The World Bank says the effects of the Chinese slowdown could be sizeable and “have likely contributed to the ongoing slowdown” in sub-Saharan Africa.

Senegal president Macky Sall with Chinese counterpart Xi Jinping.

2 | But the West designed the lock

While foreign direct investment from China is increasing and could to an extent offset Africa’s pain from low commodity prices, the US and the Euro Area remain the largest source of FDI to the continent. Growth in these two areas is expected to stabilise the wider global economy, essentially dragging it up through their sheer size, and allowing for sub-Saharan Africa to get a grip on the volatility. As they say in these parts, you don’t call the crocodile names until you have safely crossed the river.

3 | More time for India, perhaps?

Conspicuously missing from the worry about a BRICS slowdown is India, whose economy is booming on the back of policy reforms that have reduced its vulnerability to changes in the global economy and attracted investors. In November in an interview with this publication, Carlos Lopes, the executive secretary of the UN Economic Commission for Africa argued that India, and not China, was actually of more FDI value to Africa. “We have to confront the public with new narratives. We have to also use them for our negotiations and dialogue with our friends. It is important for people to know that all the sound and buzz about China’s investments in Africa actually is very very misleading,” he said.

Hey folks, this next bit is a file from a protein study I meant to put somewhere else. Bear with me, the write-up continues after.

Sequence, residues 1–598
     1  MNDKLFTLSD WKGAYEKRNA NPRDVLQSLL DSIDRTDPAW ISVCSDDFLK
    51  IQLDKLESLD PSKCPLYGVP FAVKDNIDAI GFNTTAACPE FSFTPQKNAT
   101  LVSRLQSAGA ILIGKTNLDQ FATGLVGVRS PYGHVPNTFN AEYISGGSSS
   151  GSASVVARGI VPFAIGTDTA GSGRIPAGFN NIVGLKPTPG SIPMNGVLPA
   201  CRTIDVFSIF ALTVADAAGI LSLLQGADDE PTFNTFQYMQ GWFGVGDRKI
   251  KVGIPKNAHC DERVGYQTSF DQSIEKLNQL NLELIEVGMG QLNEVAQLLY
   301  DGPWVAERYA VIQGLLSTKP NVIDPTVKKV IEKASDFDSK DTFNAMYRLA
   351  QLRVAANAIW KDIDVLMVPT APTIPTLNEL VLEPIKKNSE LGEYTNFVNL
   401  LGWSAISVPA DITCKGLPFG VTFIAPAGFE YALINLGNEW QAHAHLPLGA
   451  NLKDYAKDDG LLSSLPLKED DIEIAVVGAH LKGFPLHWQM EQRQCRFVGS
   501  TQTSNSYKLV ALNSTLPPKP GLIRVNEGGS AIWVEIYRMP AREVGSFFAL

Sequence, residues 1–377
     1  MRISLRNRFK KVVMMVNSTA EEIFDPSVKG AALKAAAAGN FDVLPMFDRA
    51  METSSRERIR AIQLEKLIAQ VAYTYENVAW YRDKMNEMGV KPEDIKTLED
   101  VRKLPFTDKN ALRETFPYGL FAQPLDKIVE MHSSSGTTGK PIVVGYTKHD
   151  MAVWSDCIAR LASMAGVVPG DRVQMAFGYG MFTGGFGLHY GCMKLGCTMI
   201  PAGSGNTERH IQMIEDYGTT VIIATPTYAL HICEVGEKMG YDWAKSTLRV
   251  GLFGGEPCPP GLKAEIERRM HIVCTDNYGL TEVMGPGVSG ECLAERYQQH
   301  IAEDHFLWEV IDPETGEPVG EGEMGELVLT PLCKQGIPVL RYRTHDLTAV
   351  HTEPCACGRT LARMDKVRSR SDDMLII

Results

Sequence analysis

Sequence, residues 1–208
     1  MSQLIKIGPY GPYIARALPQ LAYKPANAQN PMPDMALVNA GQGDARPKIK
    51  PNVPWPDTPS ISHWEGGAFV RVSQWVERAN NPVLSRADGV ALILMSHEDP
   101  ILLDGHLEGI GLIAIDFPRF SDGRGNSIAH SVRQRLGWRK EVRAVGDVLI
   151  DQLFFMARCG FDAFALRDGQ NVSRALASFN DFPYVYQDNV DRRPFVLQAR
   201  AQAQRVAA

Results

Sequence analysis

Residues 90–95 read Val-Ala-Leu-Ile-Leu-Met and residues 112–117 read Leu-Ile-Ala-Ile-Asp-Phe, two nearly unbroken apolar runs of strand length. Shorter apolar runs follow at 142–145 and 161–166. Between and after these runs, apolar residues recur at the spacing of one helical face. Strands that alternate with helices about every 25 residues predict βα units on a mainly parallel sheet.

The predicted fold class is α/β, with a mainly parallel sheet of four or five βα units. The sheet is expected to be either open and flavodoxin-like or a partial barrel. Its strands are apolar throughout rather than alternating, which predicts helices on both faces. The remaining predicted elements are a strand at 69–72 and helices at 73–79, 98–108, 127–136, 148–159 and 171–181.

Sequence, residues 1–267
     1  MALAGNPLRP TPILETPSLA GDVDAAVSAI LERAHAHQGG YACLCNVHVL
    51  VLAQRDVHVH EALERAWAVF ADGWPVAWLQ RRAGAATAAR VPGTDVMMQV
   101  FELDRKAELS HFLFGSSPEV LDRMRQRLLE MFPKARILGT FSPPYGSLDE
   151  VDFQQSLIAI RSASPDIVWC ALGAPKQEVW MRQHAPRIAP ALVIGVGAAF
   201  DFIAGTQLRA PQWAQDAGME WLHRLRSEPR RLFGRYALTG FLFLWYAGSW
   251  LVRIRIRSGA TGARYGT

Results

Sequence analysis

4 |  Time Africa pulled itself up

The report recommends that the region would be less vulnerable to global winds if it builds investor confidence, including through policy reforms  in tax and governance, strengthens its industrialisation drive and increases intra-regional trade. Fuels, ores and metals currently make up 60% of Africa’s exports, while only 16% are manufactured goods. Tax revenues remain low, especially when resources are factored out, leaving a lot of space for the continent to diversify its purse and better control outcomes.

Oil remains overrepresented in African exports

5| Little Respite for the Big Three

Hamstrung by low commodity prices, recovery in Nigeria and South Africa is expected to be modest. Nigeria, which saw economic growth fall three percentage points to 3.3% last year, will have to battle with policy clarity and energy deficiencies, in addition to a battle to get fiscal consolidation right and a weakened currency for the import-heavy economy. South Africa faces labour and social tensions, fuelling already high unemployment at 25%, while hard-hit Angola has taken to borrowing from multilateral lenders to make ends meet.

6 | Neither for East Africa